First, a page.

Upcoming! [TV show]
Visiting Sacred Places of the Tohoku Region
Other sites that stream Japanese dramas
*October 2018 update* Now that Dramafever has suddenly shut down, I have changed this post to include some other sites I believe stream Jdramas. However, as they are not available to me in the UK, I have not been able to try them myself. If any of these are incorrect, please let me know and I will update the blog post.
Here is a list of sites that I believe are free to use:
AsianCrush (mix of Japanese animated and live action films available, not available in every country – I know it is available in the US and Canada)
Viu (streams a number of Japanese dramas; available in Hong Kong, Singapore, Thailand, the Philippines, UAE, Bahrain, Egypt, Indonesia, India, Iraq, Jordan, Kuwait, Malaysia, Oman, Qatar, Saudi Arabia and Myanmar)
More options are available, but come at a cost (usually less than the cost of Netflix though). If you are able to pay for a subscription, it might be worth checking out the following sites:
dTV (Japan only – requires a subscription, although the first episode of some dramas can be watched for free)
Hooq (available in Thailand, Singapore, India, Indonesia and the Philippines)
Hulu (United States only). Japan does have its own version of Hulu called Hulu Japan, but this is only available in Japan and will only have Japanese subtitles.
Iflix (available in Bahrain, Bangladesh, Brunei, Cambodia, Egypt, Ghana, Indonesia, Iraq, Kenya, Jordan. Kuwait, Lebanon, The Maldives, Morocco, Myanmar, Nepal, Nigeria, Pakistan, the Philippines, Saudi Arabia, Sri Lanka, Sudan, Tanzania, Thailand, Uganda, Vietnam, Zimbabwe)
So that is my list of Netflix alternatives for Japanese dramas. I will keep updating this post as and when I find new sites!
I’ve written before about how I use podcasts to study Japanese. Since then I have been trying about a few different podcasts and thought I would share a few that I have enjoyed listening to. I find these podcasts interesting and they happen to be in Japanese, which is a win-win situation. If you are looking for more Japanese study related podcasts, I would check out the podcast recommendation series of posts.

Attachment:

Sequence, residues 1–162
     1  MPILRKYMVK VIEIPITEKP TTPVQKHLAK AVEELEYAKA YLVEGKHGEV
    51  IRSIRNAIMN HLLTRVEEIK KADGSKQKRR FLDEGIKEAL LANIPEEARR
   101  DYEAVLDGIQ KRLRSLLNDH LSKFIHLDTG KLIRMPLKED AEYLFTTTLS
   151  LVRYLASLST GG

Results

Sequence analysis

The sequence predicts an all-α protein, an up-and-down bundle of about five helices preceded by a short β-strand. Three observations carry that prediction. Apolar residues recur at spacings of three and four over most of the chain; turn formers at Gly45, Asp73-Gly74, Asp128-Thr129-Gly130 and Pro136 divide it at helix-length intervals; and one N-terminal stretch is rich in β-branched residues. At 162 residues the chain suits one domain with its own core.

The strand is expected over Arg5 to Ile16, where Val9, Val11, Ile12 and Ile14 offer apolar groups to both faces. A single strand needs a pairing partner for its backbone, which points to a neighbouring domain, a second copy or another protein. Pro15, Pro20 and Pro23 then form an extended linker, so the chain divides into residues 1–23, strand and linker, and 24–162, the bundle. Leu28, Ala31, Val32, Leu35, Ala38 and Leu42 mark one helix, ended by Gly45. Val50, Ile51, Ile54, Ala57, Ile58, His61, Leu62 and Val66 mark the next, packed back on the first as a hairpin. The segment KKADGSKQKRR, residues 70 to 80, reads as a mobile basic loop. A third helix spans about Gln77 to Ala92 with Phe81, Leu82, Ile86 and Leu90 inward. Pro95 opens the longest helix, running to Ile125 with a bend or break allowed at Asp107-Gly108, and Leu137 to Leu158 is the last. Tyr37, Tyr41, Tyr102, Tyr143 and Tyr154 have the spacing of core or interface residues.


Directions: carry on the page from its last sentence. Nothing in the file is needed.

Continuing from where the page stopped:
I’ve linked to each podcast in the titles below: alternatively, you should be able to find the podcast by searching for the title if you have a specific podcasting app (or iTunes).
This is a podcast aimed at the Japanese community in Australia and sometimes focuses on community events taking place around the country. Don’t let this put you off because each episode covers a different topic and includes interviews and discussions in Japanese. There is often a quick summary in English of what each episode is about at the very beginning.
I really like the range of interviews they have on this podcast, which normally last 10-15 minutes. Not only that, I find the speaking really clear which makes it a great podcast to listen to when you are out and about.
In my previous post on podcasts, I mentioned a podcast called ひいきびいき. This podcast follows a similar format in that it is usually two people (one male, one female), who discuss specific topics in each episode. This podcast has been going for some time and there are hundreds of episodes to listen to, generally covering everyday topics such as food and drink, technology and TV.
Like ひいきびいき, I just enjoy hearing the presenters views on different things, and the discussions are usually interesting. At 30-40 minutes long, the average episode length is probably the longest of the podcasts covered in this post.
This is probably my favourite on the list. Each episode focuses on a different topic, which is often the origin of things from Japan and beyond: previous episodes have covered topics such as such as yakitori, saunas, ukiyoe, and darts to name a few. The episodes start out with a short drama skit in which the main character goes back in time to learn how and why the topic of the episode came to be as it is in the present. This is then followed up with an interview with someone who is a specialist in said topic to discuss it in more detail.
I really like the way of presenting the history of each topic in the form of a skit which makes the podcast both engaging and easy to digest, especially for Japanese learners. I do feel like I have learnt a lot from listening to only a couple of episodes!
Sometimes watching the news can be very depressing – this podcast is all about sharing various news stories that are uplifting and interesting. Each podcast episode is about 20 minutes long and covers 2-3 good news stories. The two presenters read out the story and will have a brief discussion around each one.